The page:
There is a collective sadness in Mumbai. A huzun. In the building across, an old couple sits near the grilled window, sipping their tea, while their clothes on the line flutter in the wind, promising two more days until they will finally dry off. A milkman makes his rounds, playing around with his cycle bell. I play old blue songs on Saavn and we are all sad. The sun is out and it is drizzling. Don’t expect to see a rainbow, because the buildings are too high and too many and there is no terrace or open balconies where you live.
The autowallah will advise you to study well and not get involved in relationships. “Where is the love today, beta? It is all money” And you will agree. The restaurants across where you have dinner on weekends will get you change for the 2000 note you hand them for a Rs. 50 dosa you had. And they will waive off your GST. The dogs you feed will come running to you for Parle G. An aunty will save you a seat in the local. And you will be highly obliged. In night locals standing on CST, the driver will stop for you, if you rush towards an already crowded 22:50 CST-Panvel, a Vada pao in one hand and the dripping umbrella in another. The policeman inside will smile at you and stand up to give you his seat. And you will say, no uncle, it is okay. At Vadala, when everyone gets down, you will have space to stretch your legs and listen to the rains outside. You will have the space to breathe in the smell of wet earth and to look at the aunty watching Crime Patrol on Hotstar. A local will slowly pass by and you will lock eyes with someone and suddenly you will not be alone. It is pouring now and the lights will go out. The train will stop and you will be stranded in the middle of nowhere. Out of the dead silence, someone will start to hum a Marathi song and you will be reminded of home and long chats with your family. When the lights come on, the singing will stop and you will be left looking at faces around you, who have been jolted back to their lives long ago.
You will be lost in South Bombay, looking for Yazdani Bakery. You will ask a passerby,
“Do you know where the Yazdani Bakery is?”
“No. Sorry I don’t”
“Okay. Thank you.”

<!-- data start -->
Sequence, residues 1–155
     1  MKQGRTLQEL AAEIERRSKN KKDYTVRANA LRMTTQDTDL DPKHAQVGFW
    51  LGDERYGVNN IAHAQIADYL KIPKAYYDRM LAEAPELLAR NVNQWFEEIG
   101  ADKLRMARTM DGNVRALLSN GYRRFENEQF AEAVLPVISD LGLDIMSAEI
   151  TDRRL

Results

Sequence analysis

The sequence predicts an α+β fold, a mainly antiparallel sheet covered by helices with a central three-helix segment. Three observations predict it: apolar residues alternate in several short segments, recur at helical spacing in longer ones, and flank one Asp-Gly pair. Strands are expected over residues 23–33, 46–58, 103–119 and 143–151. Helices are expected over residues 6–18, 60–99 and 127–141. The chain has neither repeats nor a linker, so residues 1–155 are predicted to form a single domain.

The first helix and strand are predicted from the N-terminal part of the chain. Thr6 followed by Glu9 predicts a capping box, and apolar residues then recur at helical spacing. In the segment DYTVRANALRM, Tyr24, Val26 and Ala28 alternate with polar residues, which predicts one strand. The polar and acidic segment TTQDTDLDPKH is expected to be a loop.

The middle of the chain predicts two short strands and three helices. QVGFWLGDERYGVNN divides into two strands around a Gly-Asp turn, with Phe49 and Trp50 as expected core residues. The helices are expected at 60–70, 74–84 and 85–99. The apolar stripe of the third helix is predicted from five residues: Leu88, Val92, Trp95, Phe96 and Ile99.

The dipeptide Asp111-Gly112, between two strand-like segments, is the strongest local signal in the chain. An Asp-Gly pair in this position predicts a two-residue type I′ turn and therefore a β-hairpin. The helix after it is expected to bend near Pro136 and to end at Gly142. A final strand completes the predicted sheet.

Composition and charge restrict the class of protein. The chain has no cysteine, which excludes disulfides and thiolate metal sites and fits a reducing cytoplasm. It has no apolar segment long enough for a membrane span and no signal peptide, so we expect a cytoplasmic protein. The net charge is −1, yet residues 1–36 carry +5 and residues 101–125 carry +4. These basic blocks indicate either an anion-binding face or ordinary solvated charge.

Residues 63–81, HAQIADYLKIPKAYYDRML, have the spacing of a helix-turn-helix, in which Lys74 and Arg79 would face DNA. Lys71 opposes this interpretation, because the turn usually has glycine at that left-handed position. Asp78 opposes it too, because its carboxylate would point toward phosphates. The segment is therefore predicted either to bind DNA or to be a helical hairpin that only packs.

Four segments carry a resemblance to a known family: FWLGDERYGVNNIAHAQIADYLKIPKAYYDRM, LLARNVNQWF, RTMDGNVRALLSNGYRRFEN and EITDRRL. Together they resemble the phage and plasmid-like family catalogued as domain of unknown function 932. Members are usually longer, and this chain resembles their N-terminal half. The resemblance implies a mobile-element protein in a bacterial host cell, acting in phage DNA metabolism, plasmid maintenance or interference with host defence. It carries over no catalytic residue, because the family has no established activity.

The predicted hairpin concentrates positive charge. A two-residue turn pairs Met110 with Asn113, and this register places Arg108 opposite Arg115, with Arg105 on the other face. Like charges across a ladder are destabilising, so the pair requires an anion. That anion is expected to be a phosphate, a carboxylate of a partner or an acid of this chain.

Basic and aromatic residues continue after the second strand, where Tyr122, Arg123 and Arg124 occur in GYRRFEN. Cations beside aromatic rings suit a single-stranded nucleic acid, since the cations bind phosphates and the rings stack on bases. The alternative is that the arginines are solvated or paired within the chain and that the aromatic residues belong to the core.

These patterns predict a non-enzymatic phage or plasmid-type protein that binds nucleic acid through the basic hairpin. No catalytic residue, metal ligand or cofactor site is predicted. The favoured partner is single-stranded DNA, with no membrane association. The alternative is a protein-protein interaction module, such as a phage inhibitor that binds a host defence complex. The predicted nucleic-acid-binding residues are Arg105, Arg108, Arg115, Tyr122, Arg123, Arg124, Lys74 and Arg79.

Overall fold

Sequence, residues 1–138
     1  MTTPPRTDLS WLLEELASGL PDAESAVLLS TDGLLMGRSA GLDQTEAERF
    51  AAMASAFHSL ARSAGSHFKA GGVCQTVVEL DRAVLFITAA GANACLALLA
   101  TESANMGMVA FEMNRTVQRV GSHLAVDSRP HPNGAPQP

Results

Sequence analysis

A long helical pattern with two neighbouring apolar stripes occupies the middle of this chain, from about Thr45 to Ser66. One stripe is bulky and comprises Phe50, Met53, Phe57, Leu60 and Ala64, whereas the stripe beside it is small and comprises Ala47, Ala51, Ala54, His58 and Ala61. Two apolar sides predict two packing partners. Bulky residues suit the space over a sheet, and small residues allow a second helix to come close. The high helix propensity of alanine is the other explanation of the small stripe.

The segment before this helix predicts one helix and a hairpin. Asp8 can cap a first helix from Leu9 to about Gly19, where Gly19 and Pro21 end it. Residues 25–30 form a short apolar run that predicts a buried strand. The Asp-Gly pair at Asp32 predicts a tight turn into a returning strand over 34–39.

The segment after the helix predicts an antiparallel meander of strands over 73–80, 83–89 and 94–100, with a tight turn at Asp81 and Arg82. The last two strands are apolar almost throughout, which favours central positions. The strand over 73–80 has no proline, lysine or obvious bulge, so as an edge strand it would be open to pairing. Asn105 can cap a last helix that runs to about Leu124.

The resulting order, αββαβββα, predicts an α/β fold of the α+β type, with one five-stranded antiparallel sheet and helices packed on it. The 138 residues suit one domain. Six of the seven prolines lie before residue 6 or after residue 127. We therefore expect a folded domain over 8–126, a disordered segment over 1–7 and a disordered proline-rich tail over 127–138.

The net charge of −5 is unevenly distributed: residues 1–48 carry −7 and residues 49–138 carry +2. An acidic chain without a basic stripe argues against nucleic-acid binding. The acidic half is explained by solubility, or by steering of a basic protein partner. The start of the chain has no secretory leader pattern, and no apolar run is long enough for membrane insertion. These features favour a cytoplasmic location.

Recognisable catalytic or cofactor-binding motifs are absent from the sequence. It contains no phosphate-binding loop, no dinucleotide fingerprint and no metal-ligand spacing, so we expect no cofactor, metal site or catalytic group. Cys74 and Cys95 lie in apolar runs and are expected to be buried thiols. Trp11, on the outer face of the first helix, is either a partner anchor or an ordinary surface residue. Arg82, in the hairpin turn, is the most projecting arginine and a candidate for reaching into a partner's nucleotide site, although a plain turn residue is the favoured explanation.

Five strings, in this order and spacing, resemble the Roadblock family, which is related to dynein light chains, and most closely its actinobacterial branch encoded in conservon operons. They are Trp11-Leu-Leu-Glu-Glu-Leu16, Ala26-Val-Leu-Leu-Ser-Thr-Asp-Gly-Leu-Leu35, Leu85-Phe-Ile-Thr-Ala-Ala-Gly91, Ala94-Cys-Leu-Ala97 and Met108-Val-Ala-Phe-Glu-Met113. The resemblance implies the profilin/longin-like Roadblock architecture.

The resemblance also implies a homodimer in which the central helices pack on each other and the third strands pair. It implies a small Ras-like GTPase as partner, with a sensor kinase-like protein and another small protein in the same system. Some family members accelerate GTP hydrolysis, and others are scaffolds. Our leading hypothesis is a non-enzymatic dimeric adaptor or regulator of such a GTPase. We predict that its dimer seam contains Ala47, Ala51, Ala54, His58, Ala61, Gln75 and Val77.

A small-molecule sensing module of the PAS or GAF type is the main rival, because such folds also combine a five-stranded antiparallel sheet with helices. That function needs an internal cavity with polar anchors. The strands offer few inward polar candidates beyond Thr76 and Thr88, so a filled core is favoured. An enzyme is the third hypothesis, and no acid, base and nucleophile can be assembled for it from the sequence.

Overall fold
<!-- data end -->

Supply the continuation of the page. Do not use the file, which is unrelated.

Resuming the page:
“Wait, I’ll ask someone for you.”
“No, really its…”
“Bhaiya, tell this girl where that old Bakery is. Explain the way to me. I’ll explain her.”
And before you know, your heart will be melting at the kindness.
Mumbai is a sad city. She is content with the sadness, with the speed and with its shortcomings, so much so that if you pause at the station, everything slows down and you can catch snippets of conversations and expressions. Someone catches your eye and smiles at you and two old uncle stop to ask if you’re okay.
“Are you lost?”
“Catching a train?”
“Yes Uncle. Panvel.”
“Oho. So late in the night? A lot of rush, huh?”
“A little, yes uncle.”
“Travel safely beta.”
And you smile politely as they walk away into the sea of heads, looking like childhood best friends who have grown old together. And you realize that there is love in the city, hidden behind smart phones and double shift jobs, the hoard of colliding people and the traffic that won’t move.
When you get down from the train, the policeman waves at you. When you reach home, Pandey Uncle, the watchman, hands you your keys. You watch as a small boy from one of the houses comes rushing to him. Pandey Uncle holds his hands and makes him cross the road to the Vada Pao stall. He buys one for each of them and you see them coming back. He waves. You wave back. You turn around to walk home and step into a puddle. Someone laughs from the widow on the second floor and you laugh too. Fresh melancholies make us happy.